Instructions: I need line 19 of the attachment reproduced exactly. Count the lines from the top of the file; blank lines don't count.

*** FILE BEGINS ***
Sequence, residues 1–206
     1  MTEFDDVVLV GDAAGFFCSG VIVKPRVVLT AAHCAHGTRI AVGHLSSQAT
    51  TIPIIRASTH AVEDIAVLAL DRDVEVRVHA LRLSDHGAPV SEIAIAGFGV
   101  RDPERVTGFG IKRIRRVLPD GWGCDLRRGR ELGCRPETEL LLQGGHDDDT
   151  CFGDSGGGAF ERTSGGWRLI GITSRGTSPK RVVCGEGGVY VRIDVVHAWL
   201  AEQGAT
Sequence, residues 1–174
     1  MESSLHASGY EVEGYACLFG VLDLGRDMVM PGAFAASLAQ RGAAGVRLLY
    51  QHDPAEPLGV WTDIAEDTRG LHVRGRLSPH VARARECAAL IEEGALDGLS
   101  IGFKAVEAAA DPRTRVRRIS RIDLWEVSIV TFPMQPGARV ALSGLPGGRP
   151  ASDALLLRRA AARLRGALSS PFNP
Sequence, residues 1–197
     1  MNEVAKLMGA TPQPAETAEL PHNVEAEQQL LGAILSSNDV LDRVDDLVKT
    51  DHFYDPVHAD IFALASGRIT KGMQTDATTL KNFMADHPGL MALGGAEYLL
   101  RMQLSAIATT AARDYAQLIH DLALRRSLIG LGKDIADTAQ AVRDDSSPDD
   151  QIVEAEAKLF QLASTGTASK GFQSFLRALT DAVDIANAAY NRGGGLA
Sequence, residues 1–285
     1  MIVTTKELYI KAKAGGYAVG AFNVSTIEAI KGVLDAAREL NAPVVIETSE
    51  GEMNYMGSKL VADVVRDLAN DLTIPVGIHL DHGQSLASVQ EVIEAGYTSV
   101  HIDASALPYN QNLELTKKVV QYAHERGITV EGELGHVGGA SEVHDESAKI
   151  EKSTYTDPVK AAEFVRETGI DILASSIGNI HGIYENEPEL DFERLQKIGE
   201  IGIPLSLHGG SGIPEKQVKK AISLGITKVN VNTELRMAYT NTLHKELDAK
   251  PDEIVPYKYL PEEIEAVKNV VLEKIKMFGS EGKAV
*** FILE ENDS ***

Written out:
    51  GEMNYMGSKL VADVVRDLAN DLTIPVGIHL DHGQSLASVQ EVIEAGYTSV